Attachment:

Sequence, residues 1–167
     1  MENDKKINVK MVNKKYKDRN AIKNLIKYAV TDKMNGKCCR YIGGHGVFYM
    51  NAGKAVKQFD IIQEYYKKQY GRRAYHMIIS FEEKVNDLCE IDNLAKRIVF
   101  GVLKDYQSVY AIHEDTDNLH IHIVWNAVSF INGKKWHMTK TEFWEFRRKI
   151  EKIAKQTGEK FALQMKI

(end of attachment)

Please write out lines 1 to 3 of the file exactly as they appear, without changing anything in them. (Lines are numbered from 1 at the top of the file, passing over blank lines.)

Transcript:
Sequence, residues 1–167
     1  MENDKKINVK MVNKKYKDRN AIKNLIKYAV TDKMNGKCCR YIGGHGVFYM
    51  NAGKAVKQFD IIQEYYKKQY GRRAYHMIIS FEEKVNDLCE IDNLAKRIVF